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Great Lakes-Seaway News' purpose is to provide news, critical information updates, and thoughtful commentary to those who care about the Great Lakes-St. Lawrence Seaway System specifically, and the maritime industry in general. It is important that Great Lakes-Seaway News also become a forum and online meeting place so that ideas can be presented, issues can be debated and relationships can be made to advance the seaway system’s interests for now and for the future.

Therefore, Great Lakes Seaway News will serve as the Great Lakes-St. Lawrence Seaway System's newspaper, its online bulletin board, its meeting place for innovation and discussion, and its clubhouse for the development of plans and activities which will serve those who participate in the online marketplace of ideas.

Great Lakes-Seaway News is an independent publication and as such, is not affiliated in any way with the U.S. Saint Lawrence Seaway Development Corporation, the Canadian St. Lawrence Seaway Management Corporation, the U.S. Army Corps of Engineers or any other agencies of the governments of the United States of America or Canada. 

Great Lakes-Seaway News is a publication of PRI Strategy Management, Inc.  All rights reserved.



Canada-US Ballast Water Battle Heats Up

New United States ballast water management regulations discriminate against Canadian shipowners using the Great Lakes-St. Lawrence Seaway System, say Canadian maritime industry activists and members of the Canadian Parliament who are reaching out to the Obama administration seeking regulatory relief.

Canadian Member of Parliament Gord Brown (C-Leeds Grenville, ON), the co-chair of the Canada-U.S. Inter-parliamentary Group, has been generating support from some of his counterparts in the U.S. Congress for changes to the restrictions recently put in place by the U.S. Environmental Protection Agency (EPA).  Eleven Members of Congress recently signed a letter to EPA Administrator Gina McCarthy expressing concerns that the new ballast water regulations "may have a negative impact on the Great Lakes economy."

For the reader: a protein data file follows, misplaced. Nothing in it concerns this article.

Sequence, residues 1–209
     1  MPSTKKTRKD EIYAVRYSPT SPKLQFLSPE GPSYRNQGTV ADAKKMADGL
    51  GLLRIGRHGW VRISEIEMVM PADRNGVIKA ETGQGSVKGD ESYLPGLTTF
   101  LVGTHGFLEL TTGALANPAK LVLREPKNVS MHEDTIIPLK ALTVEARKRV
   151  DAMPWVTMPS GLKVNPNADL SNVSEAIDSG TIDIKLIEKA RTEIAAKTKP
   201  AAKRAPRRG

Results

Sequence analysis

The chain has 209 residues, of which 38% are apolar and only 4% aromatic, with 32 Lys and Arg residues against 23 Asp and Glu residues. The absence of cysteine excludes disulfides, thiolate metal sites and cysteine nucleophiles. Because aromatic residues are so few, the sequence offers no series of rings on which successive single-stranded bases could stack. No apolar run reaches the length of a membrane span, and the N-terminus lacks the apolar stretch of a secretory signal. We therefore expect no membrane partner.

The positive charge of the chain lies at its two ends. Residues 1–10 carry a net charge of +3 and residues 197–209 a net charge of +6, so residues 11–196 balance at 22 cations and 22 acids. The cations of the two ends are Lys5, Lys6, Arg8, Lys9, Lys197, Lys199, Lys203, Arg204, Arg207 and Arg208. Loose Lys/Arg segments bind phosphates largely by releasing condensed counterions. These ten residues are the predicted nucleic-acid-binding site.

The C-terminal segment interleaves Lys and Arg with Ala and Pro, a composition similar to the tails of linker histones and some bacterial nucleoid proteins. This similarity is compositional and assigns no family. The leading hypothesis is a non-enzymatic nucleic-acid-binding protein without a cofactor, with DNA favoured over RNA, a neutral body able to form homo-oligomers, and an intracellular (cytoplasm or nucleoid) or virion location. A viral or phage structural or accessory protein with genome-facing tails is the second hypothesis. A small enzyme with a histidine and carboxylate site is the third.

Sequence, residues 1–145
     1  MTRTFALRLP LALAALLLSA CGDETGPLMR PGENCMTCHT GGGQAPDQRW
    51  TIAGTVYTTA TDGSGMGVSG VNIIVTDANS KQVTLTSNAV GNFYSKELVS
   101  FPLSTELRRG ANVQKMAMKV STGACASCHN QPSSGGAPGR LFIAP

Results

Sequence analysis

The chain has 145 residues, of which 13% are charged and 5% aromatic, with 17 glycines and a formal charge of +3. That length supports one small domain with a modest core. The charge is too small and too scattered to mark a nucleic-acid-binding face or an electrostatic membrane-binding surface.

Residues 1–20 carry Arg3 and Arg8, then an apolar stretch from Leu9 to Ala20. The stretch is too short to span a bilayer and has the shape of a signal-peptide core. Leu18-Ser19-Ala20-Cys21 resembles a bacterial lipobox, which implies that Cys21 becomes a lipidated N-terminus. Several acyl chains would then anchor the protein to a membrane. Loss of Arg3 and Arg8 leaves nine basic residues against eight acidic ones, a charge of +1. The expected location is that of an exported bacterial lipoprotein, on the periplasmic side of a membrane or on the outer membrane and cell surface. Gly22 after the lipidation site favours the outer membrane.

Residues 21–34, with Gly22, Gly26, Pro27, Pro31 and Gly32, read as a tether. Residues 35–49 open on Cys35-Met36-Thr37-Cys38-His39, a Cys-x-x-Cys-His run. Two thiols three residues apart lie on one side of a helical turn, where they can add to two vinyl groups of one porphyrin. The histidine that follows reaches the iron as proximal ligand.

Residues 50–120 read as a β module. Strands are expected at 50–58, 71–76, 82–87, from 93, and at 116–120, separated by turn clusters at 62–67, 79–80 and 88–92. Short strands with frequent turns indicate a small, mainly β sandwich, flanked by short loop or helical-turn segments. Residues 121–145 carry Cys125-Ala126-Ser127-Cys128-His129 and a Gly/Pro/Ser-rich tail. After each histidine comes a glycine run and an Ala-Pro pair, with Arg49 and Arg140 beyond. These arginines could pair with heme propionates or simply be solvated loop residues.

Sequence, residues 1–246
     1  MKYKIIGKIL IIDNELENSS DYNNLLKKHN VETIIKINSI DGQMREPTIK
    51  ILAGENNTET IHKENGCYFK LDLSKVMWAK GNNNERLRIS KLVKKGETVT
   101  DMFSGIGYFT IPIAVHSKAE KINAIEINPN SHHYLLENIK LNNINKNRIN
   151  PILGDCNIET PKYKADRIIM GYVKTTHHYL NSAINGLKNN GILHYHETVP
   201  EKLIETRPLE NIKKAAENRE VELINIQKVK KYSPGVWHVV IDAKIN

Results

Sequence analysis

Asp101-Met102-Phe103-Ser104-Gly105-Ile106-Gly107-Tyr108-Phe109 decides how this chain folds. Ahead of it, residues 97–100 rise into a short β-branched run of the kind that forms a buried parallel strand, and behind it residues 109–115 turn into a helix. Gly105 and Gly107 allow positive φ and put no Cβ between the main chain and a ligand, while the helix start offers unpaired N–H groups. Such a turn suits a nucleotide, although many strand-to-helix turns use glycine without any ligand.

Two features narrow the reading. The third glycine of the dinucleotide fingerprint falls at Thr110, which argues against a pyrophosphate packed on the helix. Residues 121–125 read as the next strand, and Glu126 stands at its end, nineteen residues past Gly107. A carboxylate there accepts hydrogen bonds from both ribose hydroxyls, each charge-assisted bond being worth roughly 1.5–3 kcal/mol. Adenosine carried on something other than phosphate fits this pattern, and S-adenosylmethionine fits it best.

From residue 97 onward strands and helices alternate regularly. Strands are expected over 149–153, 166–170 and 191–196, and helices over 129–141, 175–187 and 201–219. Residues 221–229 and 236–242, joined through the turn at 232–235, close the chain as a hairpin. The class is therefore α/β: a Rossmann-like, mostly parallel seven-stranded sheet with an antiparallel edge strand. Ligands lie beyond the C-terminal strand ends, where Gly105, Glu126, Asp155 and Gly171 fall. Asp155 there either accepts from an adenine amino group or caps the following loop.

The letter also says ballast water regulatoins should "treat U.S. and Canadian Great Lakes fleets fairly" and be "practical and technologically feasible."

At the heart of the issue is an exemption offered by the EPA to vessels built before 2009 which only operate west of Anticosti Island, near the mouth of the St. Lawrence River. The exemption effectively exempts the US-flag fleet while applying the new rules to much of the Canadian fleet and other foreign vessels.

"The Canadian fleet is the one that is going to be most affected," says Brown.

For its part, the government of Canada is said to be considering stricter ballast water regulations that would apply to all vessels, including the US-flag fleet, as a last resort.  


Cleveland-Europe Express Celebration Recognizes Contributions of Seaway Stalwart Arnie de la Porte